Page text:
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Prospective Evaluation of Applied Energy Research and Development at DOE (Phase Two) TABLE S-1 Benefits of Three EERE R&D Programs Program Program Completion Costs (Assuming Level Funding) Economic Benefits (Cumulative Net Savings)a Environmental Benefits (Cumulative Reduction in Emissions) Security Benefits (Cumulative Reduction in Resource Consumption) Industrial Technologies Program—Chemicals $75 M through 2015 Ref: $534 M High O&G: $950 M CC: $550 M All scenariosb 24,700 MT CO 15,000 MT SO2 22,600 MT NOx 280 MT PM 540 MT VOCs 2.87 MMTCE All scenarios Natural gas: 89 Bcf Petroleum: 1.3 million bbl Distributed Energy Resourcesc $205 M through 2015 Ref: $57 M High O&G: $46 M CC: $64 M Other: $83 Me Unknownd Ref: 10 TBtu of primary energy High O&G: 8 TBtu CC: 11 TBtu Other: 15 TBtue Light-Duty Vehicle Hybrid Technologiesf $567 M through 2012 Ref: $5.9 B to $7.2 Bg High O&G: $27.5 B to $28.2 B CC: $7.3 B to $8.5 Bg Ref: 28 MMTCE High O&G: 51 MMTCE CC: 32 MMTCE Ref: 219-224 M bbl gasoline High O&G: 398-405 M bbl gasoline CC: 248-252 M bbl gasoline NOTES: High O&G, High Oil and Gas Prices scenario; Ref, Reference Case from EIA’s Annual Energy Outlook 2005 (EIA, 2005b); CC, Carbon Constrained scenario; Other, fourth scenario added by panel; MMTCE, million metric tons carbon equivalent; TBtu, trillion British thermal units; Bcf, billion cubic feet; bbl, barrels; GHG, greenhouse gases; MT, metric tons; M, million; B, billion; CO, carbon monoxide; SO2, sulfur dioxide; NOx, oxides of nitrogen; VOCs, volatile organic compounds; PM, particulate matter. aFor ITP–Chemicals program, benefits are cumulative through 2030. For the DER program, benefits are cumulative through 2025. For LDV Hybrid Technologies program, benefits are cumulative through 2050. Economic benefits have been discounted at 3 percent annually. bThe chemical industries panel concluded that the scenarios would produce insignificantly small changes in the volumes of oil and gas saved; therefore, the physical quantities reported for environmental and security benefits are the same for all scenarios. Economic benefits differ because prices differ from one scenario to the next. cIncludes only the end-use system integration and interface activity of the DER program. dDER program can improve or worsen the environment depending on location, fuel used or displaced, and the technology deployed. The DER panel was not confident about assigning environmental benefits to the DER program as modeled and presented by DOE. eThe “other” scenario for distributed energy assumed constrained electricity transmission. fIncludes the following elements of the vehicles technology program: Hybrid and Electric Propulsion, excluding projects related to heavy vehicles; Advanced Combustion R&D, limited to the combustion and emission control R&D activity; and Materials Technology, excluding projects related to heavy vehicles and excluding the high-temperature materials laboratory activity. gThe two values correspond to two different market scenarios—high and low—for hybrid vehicle penetration. ADVICE TO USERS OF THE BENEFITS EVALUATION RESULTS The committee has developed some insights into the methodological strengths and weaknesses of the proposed process. These insights, recorded in the form of recommendations below, may assist decision makers with interpreting and applying the results of the analysis. Policy measures that have nothing to do with research can have an effect on when and whether the benefits of some programs will be realized. For example, the benefits of carbon capture and sequestration depend on the size and timing of a carbon tax (or equivalent policy intervention in the market). The scenarios are a valuable tool for characterizing and quantifying the benefits of the DOE R&D program. Recommendation 9: Decision makers should consider the impact of other policy measures—that is, policies not related to research—in all domains of action (federal, state, and international, say) when considering the results of prospective benefits evaluations. Having a common set of scenarios is useful in general, although additional scenarios may be called for in some cases. While defining the scenarios more completely would be helpful for interpreting the outcomes of the analysis, at the same time it is essential to preserve flexibility by keeping the scenarios as broad as possible. The panel evaluations permit calculation of a benefit-cost ratio. However, the benefit-cost ratio is not the correct metric for optimizing the allocation of additional resources among the programs in a portfolio. Recommendation 10: To allocate resources, DOE should know the marginal benefit of a budget increase on a program-by-program basis. To calculate the marginal benefit, the decision tree should be examined to identify the outcomes that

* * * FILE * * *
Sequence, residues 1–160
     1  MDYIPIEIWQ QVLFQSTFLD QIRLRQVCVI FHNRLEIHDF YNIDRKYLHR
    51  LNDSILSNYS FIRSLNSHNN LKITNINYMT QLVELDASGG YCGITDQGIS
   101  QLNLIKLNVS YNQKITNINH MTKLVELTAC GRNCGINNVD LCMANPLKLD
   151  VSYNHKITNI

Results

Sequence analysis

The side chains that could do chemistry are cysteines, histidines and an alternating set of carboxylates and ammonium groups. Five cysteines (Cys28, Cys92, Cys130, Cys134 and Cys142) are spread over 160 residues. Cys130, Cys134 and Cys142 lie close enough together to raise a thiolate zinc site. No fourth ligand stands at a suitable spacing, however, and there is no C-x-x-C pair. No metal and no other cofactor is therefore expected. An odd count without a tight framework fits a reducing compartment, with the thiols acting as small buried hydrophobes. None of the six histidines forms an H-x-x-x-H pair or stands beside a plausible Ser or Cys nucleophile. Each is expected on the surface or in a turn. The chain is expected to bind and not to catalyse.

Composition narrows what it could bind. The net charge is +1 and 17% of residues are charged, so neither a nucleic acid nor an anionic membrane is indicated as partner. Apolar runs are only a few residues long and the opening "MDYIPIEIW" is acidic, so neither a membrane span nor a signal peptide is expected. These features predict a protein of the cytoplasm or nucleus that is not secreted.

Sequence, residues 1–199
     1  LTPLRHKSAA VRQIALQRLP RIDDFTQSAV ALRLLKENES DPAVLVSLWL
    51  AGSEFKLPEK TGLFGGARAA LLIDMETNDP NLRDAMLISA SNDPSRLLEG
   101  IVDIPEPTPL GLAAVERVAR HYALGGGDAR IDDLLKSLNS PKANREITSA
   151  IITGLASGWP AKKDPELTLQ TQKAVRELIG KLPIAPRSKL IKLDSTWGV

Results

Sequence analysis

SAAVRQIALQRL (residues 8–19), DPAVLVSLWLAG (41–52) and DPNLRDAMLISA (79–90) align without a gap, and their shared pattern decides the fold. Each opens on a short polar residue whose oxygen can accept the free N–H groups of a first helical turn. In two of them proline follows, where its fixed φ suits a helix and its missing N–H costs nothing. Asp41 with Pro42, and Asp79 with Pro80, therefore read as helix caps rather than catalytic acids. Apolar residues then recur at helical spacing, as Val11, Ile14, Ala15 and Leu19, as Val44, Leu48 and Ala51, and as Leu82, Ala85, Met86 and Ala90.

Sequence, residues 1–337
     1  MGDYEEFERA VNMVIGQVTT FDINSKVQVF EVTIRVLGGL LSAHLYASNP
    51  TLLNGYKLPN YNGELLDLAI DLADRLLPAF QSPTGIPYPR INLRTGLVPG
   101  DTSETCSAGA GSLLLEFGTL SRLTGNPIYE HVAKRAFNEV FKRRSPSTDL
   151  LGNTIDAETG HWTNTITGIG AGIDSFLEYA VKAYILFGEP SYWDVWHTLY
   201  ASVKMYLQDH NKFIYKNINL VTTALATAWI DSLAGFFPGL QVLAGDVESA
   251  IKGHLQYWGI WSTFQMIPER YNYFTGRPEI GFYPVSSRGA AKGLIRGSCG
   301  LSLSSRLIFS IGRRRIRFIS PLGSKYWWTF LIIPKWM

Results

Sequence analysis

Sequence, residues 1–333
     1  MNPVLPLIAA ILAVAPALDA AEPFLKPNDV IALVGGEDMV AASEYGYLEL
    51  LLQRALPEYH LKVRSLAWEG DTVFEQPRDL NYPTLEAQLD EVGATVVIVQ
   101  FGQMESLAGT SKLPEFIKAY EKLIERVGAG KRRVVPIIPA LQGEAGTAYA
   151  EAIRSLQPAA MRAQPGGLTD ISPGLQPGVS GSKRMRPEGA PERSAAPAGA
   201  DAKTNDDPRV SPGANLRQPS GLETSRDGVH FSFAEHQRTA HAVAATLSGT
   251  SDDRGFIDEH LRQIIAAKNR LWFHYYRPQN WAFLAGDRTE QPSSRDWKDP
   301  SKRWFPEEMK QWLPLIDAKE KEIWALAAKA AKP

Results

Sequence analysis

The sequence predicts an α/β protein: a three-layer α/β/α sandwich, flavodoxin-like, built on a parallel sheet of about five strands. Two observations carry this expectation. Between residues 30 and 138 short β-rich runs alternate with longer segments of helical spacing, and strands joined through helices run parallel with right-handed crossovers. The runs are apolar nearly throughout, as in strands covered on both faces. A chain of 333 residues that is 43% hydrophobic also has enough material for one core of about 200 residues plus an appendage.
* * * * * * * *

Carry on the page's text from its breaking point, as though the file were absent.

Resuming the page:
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Prospective Evaluation of Applied Energy Research and Development at DOE (Phase Two) TABLE S-2 Benefits of Three FE R&D Programs Program Program Completion Costs (Assuming Level Funding) Economic Benefits (Cumulative Net Savings)a Environmental Benefits (Cumulative Reduction in Emissions) Security Benefits (Cumulative Reduction in Consumption or Importation of Natural Gas)b Natural Gas Exploration and Productionc $140 M through 2015 Ref: $220 M High O&G: $590 M CC: $300 M Not quantifiedd Ref: 1.2 Tcf High O&G: 0.6 Tcf CC: 1.2 Tcf Integrated Gasification Combined Cycle Technology $750 M through 2020 Ref: $6.4 B to $7.8 B High O&G: $7 B to $47 B Ref: −90 to 30 MMTCE High O&G: 34 to 36 MMTCE Ref: up to 4.5 Tcf natural gas High O&G: up to 3.6 Tcf natural gas Carbon Sequestration $875 M through 2020 CC: $3.5 B Other:e $3.9 B CC and other:e Net environmental benefits are likely zero.f CC and other:e Net security benefits are likely zero.g NOTES: High O&G, High Oil and Gas Prices scenario; Ref, Reference Case from Energy Information Administration’s Annual Energy Outlook 2005 (EIA, 2005b); Other, fourth scenario added by panel; CC, Carbon Constrained scenario, which assumes a $100 tax per ton of carbon emissions; MMTCE, million metric tons carbon equivalent; Tcf, trillion cubic feet; quad, quadrillion British thermal units; MT, metric tons; M, million; B, billion. aFor the Natural Gas Exploration and Production program, benefits are cumulative through 2025. For IGCC and Carbon Sequestration, benefits accrue over the 20-year book life of new plants built through 2025. Economic benefits have been discounted at 3 percent annually. bFor the natural gas technology program, security benefits are expressed as offsets of imported natural gas. For the IGCC program, benefits are reduced U.S. consumption. cIncludes the exploration and production activities only. dModest environmental benefits could result from a reduction in disturbed area and, if fuel switching from coal occurs, from lower carbon emissions. eThe “other” scenario devised for the carbon sequestration program assumes a $300 tax per ton of carbon emissions. fOther technologies that could be deployed in a CC regime would reduce emissions by the same amount as those of the DOE program, albeit at higher cost. gThe least-cost alternatives to the technology under development in the DOE program would be a combination of nuclear generation and renewable electricity that also would reduce natural gas consumption. The costs of other technologies that would reduce carbon emissions were taken from DOE forecasts. would be most sensitive to changes in budget levels. In the Phase One study, for example, the lighting program proved to be highly budget-dependent. When such sensitivities exist, the decision tree can be re-estimated for a different budget level, using the committee’s methodology. The marginal benefit associated with the change in budget level is the difference between the net benefits of the two calculations. The methodology estimates benefits for each of three scenarios that describe future states of the world, but it does not attempt to combine the three sets of benefits into a single set. As a result, the decision maker must weigh the alternative scenarios in arriving at judgments about the benefits of the overall research portfolio. Presumably, the portfolio would contain a balance of projects that would produce acceptable results across the range of scenarios outcome. The methodology estimates public benefits in three areas—economic, environmental, and energy security. While these three types of benefits reflect DOE’s strategic goals (DOE, 2005a), the committee recognizes that other kinds of benefits may be important in evaluating some projects. For example, markets demand that automobile manufacturers produce cars that not only meet the fuel economy objective that is important to DOE but also satisfy several other needs as well. An example of another need might be employment. Recommendation 11: If benefits in areas other than economic, environmental, or energy security are found to occur, they should be noted in the text accompanying the results matrix. However, the matrix should stay focused on the three main types of benefits to facilitate comparisons across programs.